If your flooring requires adhesive, we would advise a light sand and the application of primer. This process will remove any laitance as well as seal the porous screed surface, therefore, preventing any moisture from the adhesive from seeping into the screed.
Secondly, if you have installed underfloor heating, remember it must be commissioned prior to the application of your flooring. This is to ensure any deep-lying moisture is forced out and thermal movement occurs pre-flooring. The guidelines for commissioning your underfloor heating include:
- Begin setting your underfloor heating at an ambient floor temperature (approximately 18 °C or the lowest manifold temperature)
- Maintain this temperature for 24 hours before raising it by 5°C per day until it reaches the optimum running temperature.
- Maintain this temperature for 7 days before reducing it by 5°C per day until you reach the starting temperature.
- Turn the system off and allow it to cool for 48 hours prior to moisture testing.
- Finally, ensure the heating is not switched back on until 14 days after floor installation.
Liquid Screed Machines
Liquid screed must be machine applied which has its benefits in saving you from back-breaking shovelling, levelling and sanding. A screed pump will ensure your material is thoroughly mixed to the correct consistency. It is tricky to achieve the same level of uniformity by hand plus of course, it saves time and energy in these manual intensive processes. Using a screed pump also allows greater accessibility, since your hoses will pump the material direct to the correct location rather than you shuttle running screed back and forth.
At CES we specialise in screed pump hire as well as offering flow screed pumps for sale. We stock a variety of screed pumps from brands such as Euromair and Putzmeister. If you’re searching for a compact electric pump to try out that new liquid screed, why not take a look at the Euromair MixPro 28. Alternatively, the Euromair X-PRO D140 is a heavier-duty diesel machine for those larger-scale projects. Our specialist team will be able to help you pin down the right pump for you and your project so why not give us a call. And when you’re ready to pump check out our tips for achieving great results with floor screed.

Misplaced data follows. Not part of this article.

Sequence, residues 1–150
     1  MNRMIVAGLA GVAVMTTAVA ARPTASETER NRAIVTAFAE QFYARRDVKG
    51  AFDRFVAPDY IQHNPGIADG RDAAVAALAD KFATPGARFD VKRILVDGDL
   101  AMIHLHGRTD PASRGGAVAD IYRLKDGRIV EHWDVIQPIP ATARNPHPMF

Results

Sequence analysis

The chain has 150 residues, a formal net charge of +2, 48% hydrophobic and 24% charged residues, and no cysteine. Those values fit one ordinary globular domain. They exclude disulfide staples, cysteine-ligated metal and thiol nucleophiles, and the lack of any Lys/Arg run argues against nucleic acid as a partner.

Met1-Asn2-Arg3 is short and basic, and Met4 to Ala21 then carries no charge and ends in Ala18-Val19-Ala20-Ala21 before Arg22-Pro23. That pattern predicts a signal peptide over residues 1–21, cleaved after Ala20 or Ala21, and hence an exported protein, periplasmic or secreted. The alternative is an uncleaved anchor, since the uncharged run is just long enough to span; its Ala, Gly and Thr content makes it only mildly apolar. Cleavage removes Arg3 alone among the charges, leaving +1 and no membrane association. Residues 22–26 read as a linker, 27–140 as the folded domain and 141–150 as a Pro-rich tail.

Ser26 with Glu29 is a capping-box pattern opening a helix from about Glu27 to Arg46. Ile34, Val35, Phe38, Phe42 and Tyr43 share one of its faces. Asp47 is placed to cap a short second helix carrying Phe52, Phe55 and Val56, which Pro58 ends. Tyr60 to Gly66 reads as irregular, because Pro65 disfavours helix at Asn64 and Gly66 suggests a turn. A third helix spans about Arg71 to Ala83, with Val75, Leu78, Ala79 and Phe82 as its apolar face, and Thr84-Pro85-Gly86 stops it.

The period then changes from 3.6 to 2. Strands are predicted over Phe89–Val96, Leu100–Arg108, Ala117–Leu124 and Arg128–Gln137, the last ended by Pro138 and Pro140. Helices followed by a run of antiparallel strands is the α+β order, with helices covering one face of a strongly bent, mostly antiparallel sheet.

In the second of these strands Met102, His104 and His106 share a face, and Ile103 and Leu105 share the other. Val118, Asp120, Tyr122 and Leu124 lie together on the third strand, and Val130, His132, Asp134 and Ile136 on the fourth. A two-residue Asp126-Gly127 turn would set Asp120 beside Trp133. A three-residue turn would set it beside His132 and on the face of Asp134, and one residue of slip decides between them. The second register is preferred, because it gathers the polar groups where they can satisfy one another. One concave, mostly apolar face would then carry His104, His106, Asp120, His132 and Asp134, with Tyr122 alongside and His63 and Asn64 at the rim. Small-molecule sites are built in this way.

Our Popular Screed Machines
*Prices correct as of May 2022.
The Euromair X-Pro D140
The popular Euromair X-Pro D140 is a worm pump for liquid floor screed application. This powerful diesel machine (4 cylinders Kohler 19kw engine) will pump up to 120m vertically and has a maximum output of 14m³ per hour (200litres per minute). It is designed with a vibrator fitted as standard to guarantee a continuous flow rate. This screed mixer pump is compatible with both calcium sulphate liquid flow (anhydrite) or cement self-levelling flow screed. The D140 has been optimised for simple maintenance and easy accessibility for servicing. Take a look at the D140 in action.
The Euromair MixPro 28
The Euromair MixPro 28, is a much smaller and extremely portable electric machine which is even manageable by one person. It pumps machine applicable floor screeds (as well as plaster and render). This flow screed pump operates at an output of 20 litres per minute and is built with a 70-litre capacity hopper. Whilst this machine is available for hire, one of the benefits of purchasing this machine is the 1 + 1 year warranty on offer for all Euromair machines. Head to our YouTube channel to see the MixPro 28 pumping Uzin Deep Fill pre bagged self levelling screed >
Flow Screed Pump Maintenance
In order for your screed mixer pump to continue performing at its best, it is imperative to follow manufacturers guidelines on machine maintenance and servicing. This includes taking care to clean your machine thoroughly after use, regular maintenance and booking in those all-important services. At CES we will service your liquid screed pump whether you bought from us or elsewhere. With our screed pump services, we recommend you book in your first oil change after your machine has clocked up 50 hours and then book in your machine for a service every 150 hours after that (e.g. 200hrs, 350hrs, 500hrs…you get the idea)
When it comes to daily maintenance of your flow screed pump, cleaning is your first port of call. Below is the procedure we would follow when cleaning out Euromair X-Pro D140 screed pump:
- Empty the hopper of screed. Remove the drain ball to allow wash out of the remaining product with water and allow it to drain from the hopper. Replace the drain ball once the hopper is clean.
- Ensure the machine is NOT under pressure, then disconnect the product hose. Fill the hopper with clean water, feel free to add some washing up liquid to preserve the life of your rotor and stator.
- Put the machine into pumping mode to clean the rotor and stator.
- Place your sponge ball in the product outlet and reconnect the hose. Read more >
Visual checks prior to using your screed pump are also essential to keep everything in full working order. A visual inspection should be a quick look over the machine, particularly focusing on the wear parts (flexible drive coupling, rotor and stator, cardan shaft, hopper seals) and the fuel levels (diesel, engine, coolant and hydraulic levels). For a more in-depth list of checks take a look here >